Speculation is high that Oregon has, for the first time, begun formal exploration into the feasibility of sending surplus water from the Columbia River south to thirsty California. The success of the recently announced giant wind farm has water export proponents salivating at the chance to tap just a small portion of the average 265,000 cubic feet of water per second that slips by Oregon, unused but for power generation, fish habitat and limited shipping.
Closed-door sessions have been held privately in recent months to discuss the very future of the Columbia River as we know it today. People have been asking for Oregon’s water for a long time. In 1990 Kenneth Hahn, an LA County Supervisor, formally requested water from Oregon via pipe to offset the severe water shortages they were experiencing. Then governor Neil Goldschmidt said no to the request, as did then Washington governor Booth Gardner.
Oh, how times have changed. With Oregon now leading the way in green power exports with the proposed Shepherds’ Flat Wind Farm, many around the state see the opportunity to export water as the next logical export. Raymond Branxton, a leading proponent of the plan to export water, said recently, “Why wouldn’t we do this? Our state is one of the worst in the entire nation in unemployment and in shortages of state revenue. This extra water, and there is extra, believe me, is like gold or oil. Billions of dollars are at stake. And every single hour we simply watch as over six billion gallons of water goes by, untapped, and empties into the vast Pacific Ocean. I say tap it and tap it now. I am talking with government officials on a regular basis.”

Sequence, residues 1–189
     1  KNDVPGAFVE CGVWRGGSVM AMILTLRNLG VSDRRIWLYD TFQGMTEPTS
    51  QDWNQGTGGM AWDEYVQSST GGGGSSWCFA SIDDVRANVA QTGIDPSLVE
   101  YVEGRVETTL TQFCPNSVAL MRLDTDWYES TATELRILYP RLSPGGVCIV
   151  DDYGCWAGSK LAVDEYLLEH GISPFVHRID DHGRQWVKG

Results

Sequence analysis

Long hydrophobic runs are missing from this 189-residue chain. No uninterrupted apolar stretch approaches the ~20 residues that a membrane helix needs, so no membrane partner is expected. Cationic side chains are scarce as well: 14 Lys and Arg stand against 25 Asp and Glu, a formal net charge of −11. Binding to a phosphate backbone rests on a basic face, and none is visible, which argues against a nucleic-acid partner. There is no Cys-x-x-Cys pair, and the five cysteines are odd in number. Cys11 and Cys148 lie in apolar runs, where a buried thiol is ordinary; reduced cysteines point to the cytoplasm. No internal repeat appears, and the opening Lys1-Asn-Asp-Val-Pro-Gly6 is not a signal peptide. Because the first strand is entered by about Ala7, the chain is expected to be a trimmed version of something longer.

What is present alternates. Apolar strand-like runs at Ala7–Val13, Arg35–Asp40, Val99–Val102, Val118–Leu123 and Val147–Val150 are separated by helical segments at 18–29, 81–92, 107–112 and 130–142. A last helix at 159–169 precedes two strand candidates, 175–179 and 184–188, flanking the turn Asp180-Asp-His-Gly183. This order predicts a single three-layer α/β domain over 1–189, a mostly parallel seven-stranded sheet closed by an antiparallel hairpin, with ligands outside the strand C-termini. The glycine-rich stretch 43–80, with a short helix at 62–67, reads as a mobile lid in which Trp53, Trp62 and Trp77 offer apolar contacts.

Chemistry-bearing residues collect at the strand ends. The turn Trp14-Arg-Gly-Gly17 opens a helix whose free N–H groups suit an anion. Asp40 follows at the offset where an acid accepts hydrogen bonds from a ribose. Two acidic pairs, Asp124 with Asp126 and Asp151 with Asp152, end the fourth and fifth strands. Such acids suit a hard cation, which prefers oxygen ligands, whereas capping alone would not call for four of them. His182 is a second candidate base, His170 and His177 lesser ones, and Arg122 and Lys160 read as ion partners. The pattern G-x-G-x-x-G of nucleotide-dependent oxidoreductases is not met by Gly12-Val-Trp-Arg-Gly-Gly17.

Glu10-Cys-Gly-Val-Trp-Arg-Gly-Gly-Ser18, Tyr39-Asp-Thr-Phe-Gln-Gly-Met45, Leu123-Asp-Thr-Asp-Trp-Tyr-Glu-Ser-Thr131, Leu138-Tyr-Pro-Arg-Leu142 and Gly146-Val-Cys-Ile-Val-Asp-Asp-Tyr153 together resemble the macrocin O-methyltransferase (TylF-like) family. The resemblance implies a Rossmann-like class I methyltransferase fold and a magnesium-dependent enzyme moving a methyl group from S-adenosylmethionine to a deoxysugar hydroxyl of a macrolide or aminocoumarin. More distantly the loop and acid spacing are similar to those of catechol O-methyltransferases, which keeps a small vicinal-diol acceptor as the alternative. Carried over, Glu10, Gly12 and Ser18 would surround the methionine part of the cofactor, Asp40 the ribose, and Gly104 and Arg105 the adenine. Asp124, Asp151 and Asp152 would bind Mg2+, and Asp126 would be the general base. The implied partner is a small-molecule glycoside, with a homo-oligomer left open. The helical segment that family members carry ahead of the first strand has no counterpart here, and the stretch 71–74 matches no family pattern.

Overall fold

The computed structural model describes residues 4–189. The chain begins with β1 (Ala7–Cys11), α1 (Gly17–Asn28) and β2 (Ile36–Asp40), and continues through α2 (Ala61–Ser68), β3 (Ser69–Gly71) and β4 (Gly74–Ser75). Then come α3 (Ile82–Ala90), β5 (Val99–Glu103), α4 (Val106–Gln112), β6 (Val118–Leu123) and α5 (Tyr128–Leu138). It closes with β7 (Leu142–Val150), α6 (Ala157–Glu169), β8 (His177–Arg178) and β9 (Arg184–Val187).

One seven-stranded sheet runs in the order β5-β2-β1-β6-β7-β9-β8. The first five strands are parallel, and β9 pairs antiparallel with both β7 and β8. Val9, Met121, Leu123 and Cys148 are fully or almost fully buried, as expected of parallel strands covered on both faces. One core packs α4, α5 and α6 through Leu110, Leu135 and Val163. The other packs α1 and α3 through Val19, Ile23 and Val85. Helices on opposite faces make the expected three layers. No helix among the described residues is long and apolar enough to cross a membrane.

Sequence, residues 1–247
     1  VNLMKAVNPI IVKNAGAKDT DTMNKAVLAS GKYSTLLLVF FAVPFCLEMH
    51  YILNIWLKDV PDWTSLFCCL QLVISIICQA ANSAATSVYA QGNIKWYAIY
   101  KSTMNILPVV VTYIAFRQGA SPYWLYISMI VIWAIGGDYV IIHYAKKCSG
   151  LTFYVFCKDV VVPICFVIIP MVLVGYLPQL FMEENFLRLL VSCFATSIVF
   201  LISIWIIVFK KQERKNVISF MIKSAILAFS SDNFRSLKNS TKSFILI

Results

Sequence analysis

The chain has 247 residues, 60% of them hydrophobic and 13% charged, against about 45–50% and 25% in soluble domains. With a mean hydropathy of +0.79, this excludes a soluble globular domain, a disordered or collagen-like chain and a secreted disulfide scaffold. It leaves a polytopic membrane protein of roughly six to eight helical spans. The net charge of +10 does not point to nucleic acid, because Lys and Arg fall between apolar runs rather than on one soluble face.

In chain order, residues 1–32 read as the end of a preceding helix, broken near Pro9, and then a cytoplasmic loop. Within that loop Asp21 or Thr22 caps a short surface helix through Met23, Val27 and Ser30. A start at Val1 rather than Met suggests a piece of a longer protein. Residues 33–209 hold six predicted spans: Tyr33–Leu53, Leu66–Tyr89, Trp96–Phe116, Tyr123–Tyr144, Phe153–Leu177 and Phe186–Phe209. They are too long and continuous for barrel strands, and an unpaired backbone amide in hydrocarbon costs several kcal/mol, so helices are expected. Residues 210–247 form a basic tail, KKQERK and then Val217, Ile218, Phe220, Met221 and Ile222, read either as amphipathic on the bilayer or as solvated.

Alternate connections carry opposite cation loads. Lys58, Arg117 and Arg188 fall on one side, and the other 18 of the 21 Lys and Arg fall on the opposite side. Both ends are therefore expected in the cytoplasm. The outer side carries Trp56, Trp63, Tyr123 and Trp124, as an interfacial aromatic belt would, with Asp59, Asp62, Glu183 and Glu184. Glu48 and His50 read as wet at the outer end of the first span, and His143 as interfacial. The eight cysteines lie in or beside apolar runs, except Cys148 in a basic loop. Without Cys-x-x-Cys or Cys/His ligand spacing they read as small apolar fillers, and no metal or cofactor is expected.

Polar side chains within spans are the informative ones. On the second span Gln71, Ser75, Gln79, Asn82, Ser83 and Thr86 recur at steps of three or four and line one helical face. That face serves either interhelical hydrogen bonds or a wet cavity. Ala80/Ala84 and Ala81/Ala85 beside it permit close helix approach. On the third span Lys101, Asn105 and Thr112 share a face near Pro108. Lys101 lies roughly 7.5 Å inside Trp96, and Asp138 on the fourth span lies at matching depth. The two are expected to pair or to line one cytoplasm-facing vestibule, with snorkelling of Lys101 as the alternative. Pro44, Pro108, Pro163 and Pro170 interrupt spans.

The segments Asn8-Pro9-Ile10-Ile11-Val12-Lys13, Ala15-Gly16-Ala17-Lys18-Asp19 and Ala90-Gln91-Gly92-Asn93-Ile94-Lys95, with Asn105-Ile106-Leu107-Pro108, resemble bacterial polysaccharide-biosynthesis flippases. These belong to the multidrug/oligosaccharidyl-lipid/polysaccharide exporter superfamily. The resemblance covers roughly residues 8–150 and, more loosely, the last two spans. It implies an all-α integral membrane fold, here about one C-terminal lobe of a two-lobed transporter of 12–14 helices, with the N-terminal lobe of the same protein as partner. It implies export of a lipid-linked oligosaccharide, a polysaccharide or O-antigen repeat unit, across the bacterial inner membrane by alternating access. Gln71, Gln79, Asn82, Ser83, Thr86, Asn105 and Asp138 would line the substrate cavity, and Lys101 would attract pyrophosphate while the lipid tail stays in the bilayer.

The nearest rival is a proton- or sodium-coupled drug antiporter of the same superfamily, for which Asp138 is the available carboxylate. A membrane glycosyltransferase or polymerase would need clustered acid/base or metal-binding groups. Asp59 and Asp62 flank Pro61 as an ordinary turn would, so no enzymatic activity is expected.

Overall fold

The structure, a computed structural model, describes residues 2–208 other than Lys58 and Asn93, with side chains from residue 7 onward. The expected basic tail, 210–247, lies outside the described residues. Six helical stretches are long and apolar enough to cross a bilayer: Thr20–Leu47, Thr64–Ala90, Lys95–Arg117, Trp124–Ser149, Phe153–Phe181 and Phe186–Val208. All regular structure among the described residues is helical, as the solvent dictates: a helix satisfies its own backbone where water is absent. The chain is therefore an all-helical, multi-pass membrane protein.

It is estimated that Oregon could supply California with approximately 8 billion gallons of water each day without any deleterious effect on either the environment or shipping. That amount of water could easily end, forever, the shortages that have plagued Southern California for decades. At the same time, jobs and revenue would flow into Oregon in numbers never seen before. It is estimated that at least 7,000 new temporary jobs would be created to construct the pipe and that 125 permanent jobs would be created in maintaining the pipe and pumps needed to supply the water. Revenue for this water, at current California rates, could easily top six million dollars per day or more. “That is over two billion dollars of revenue per year for Oregon for something that costs Oregon nothing,” noted Branxton.
“How anyone could oppose this in times like these is a mystery to me,” exclaimed Branxton at a recent secret meeting to discuss water export. “The pipe can go right next to the power lines and we can run the pumps with the wind power. It is simply amazing to me that we have not moved forward on this much sooner. Goldschmidt is long gone — maybe our next governor will have the foresight to put this much-needed plan into place,” Branxton predicted.